Dementia becoming popular. Representations of a cultural phenomenon in contemporary fiction, the arts, and mainstream media
Eine Rezension von Susanne K. Christ
Swinnen, Aagje; Mark Schweda (Hg.): Popularizing dementia. Public expressions and representations of forgetfulness. Bielefeld: transcript, 2015.
Editors Aagje Swinnen and Mark Schweda assemble a variety of expertise from different disciplines, and a range of methods and research designs to critically investigate the representation and the popularization of dementia in literary fiction, the visual arts, and the mass media. The volume sheds light on the communication processes at work and the images of dementia ranging from negative stereotypes to new and alternative discourses. It hints at the crucial and delicate role of mainstream media in the information society – especially when it comes to a phenomenon such as dementia – threatening the agency of those affected. With a very broad scope, this book continues to raise awareness and provides stimuli for research as well as activism.
Over the course of the last 25 years, the view of dementia as a purely medical syndrome has been challenged by a variety of disciplines outside of medicine. At the same time, concepts of dementia have also reached the general public - often enough they have produced fear and shame. Editors Aagje Swinnen and Mark Schweda describe the manifold political, social, and medial re-interpretations of dementia in popular culture as a “cultural ‘dementia boom’” (p.10). The ‘popularization’ of dementia in different media is looked at from different academic perspectives with an accordant variety of methods. “Literary fiction”, the first part of the volume, comprises five articles concerned with the representation of dementia in contemporary literature from Europe, the US, and Canada. The second section, entitled “Art, Artistic Approaches, and Film”, describes the potential of artistic expression in retaining selfhood in dementia. The third section, “Media Discourses and Public Understandings,” touches on recent perceptions of dementia in popular print media and takes a look ahead. The central questions are: How is dementia portrayed in popular culture? How do these perceptions alter existing images of dementia? And what ethical implications does this have? The young research branch of dementia studies takes (a first) stock.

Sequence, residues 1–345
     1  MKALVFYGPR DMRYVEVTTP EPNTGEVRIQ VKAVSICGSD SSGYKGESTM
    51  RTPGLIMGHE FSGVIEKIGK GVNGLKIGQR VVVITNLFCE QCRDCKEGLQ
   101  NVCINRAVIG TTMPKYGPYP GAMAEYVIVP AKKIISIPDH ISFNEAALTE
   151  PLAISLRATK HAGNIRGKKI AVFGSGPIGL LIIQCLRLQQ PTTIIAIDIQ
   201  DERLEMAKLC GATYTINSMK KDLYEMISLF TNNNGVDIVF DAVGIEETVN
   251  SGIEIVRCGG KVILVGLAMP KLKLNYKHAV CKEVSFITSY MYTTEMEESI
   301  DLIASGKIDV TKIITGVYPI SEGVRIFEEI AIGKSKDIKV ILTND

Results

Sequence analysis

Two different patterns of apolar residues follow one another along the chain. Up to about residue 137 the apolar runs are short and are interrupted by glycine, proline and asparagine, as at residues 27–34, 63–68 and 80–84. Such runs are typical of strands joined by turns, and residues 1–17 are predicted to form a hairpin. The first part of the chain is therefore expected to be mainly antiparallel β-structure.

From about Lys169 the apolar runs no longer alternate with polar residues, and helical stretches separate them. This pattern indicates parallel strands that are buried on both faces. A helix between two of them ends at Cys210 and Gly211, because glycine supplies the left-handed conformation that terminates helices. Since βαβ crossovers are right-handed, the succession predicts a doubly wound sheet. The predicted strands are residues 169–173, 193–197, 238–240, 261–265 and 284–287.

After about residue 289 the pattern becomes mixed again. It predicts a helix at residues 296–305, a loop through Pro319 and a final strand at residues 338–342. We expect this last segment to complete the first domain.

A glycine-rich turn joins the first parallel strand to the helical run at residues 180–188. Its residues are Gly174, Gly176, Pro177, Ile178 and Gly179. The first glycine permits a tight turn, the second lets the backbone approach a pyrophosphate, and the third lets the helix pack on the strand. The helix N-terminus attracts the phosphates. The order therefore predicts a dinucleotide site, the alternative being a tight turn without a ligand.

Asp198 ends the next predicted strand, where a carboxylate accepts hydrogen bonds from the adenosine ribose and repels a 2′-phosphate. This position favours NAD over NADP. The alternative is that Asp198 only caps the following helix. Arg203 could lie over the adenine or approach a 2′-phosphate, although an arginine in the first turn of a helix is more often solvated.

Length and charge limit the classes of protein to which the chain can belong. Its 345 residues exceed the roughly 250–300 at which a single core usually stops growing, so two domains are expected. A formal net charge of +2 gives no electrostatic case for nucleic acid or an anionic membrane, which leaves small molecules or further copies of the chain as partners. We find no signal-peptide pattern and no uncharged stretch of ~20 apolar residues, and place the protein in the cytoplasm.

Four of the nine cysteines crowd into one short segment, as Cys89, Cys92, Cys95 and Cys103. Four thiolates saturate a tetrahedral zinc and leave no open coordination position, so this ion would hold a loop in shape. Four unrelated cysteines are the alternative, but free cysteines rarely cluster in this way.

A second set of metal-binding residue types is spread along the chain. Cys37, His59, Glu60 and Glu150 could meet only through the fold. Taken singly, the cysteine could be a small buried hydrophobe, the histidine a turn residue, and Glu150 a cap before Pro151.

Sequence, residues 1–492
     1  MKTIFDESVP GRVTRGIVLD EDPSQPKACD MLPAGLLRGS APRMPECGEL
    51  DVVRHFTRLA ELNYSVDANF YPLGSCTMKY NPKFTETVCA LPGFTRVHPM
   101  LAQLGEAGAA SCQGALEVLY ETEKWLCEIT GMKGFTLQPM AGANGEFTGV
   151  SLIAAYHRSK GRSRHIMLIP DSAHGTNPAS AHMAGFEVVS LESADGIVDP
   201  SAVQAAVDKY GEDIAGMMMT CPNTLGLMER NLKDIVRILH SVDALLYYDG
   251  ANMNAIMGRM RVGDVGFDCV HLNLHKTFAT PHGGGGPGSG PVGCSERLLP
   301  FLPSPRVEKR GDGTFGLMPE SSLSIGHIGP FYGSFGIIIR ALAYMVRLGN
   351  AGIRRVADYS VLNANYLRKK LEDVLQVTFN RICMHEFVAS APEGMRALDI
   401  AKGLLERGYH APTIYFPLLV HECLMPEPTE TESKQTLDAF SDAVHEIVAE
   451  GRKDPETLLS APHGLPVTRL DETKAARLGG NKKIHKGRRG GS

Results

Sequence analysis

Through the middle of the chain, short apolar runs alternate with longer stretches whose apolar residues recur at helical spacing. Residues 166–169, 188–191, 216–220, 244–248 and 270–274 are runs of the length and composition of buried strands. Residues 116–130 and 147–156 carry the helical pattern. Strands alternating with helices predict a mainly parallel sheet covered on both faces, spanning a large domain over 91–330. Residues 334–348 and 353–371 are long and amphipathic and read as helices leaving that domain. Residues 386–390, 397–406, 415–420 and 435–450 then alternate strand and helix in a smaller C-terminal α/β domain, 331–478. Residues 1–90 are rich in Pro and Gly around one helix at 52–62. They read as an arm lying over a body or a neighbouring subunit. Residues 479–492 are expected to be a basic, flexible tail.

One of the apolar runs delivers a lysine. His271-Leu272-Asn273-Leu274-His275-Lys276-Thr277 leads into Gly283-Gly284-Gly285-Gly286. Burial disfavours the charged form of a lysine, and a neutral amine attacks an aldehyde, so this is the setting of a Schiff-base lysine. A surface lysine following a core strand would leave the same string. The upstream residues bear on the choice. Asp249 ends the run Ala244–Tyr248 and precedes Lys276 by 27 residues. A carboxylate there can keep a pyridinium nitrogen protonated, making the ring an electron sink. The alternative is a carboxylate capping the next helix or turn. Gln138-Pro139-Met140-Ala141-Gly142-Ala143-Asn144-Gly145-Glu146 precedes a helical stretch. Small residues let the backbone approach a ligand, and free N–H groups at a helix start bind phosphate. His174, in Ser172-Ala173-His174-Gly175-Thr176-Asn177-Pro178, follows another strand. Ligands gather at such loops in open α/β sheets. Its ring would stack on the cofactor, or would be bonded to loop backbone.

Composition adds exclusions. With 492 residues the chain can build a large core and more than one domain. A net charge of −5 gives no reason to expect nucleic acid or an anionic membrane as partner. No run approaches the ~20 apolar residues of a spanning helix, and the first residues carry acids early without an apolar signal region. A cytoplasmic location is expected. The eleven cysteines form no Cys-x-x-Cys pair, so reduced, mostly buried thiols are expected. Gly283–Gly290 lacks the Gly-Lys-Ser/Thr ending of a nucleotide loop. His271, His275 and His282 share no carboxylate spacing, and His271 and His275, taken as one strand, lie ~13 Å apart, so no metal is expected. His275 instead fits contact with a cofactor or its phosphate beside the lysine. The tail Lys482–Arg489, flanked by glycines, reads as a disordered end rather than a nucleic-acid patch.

In the realm of fictional literature, the profound changes that come with a dementia diagnosis for those affected and their caretakers lend themselves well to authors seeking to fathom human core values. In a political reading of Margaret Forster’s 1989 novel Have the Men Had Enough?, Lucy Burke criticizes how care is perceived as an obstacle to both caretakers’ individual development and a threat to family cohesion. Looking at the continued personhood of parent figures with dementia in Jonathan Franzen’s The Corrections and A. M. Homes’ May We Be Forgiven, Sadie Wearing argues that novels which normalize dementia “as a defining condition of the present” (p. 62) might help to reduce negative stereotyping. In the second part of this section, the aesthetic means, possibilities, and limits of narrating dementia are delineated. Marlene Goldman traces both the use and the emergent overthrowing of Gothic and apocalyptic language in Canadian dementia fiction. The writer Naomi Kruger highlights the “imaginative possibilities” (p. 110) of fictional literature concerning the allegedly ‘untellable.’ In contrast, Irmela Marei Krüger-Fürhoff criticizes how the fictional approaches to date have not tapped the full pallet of affected subjectivity.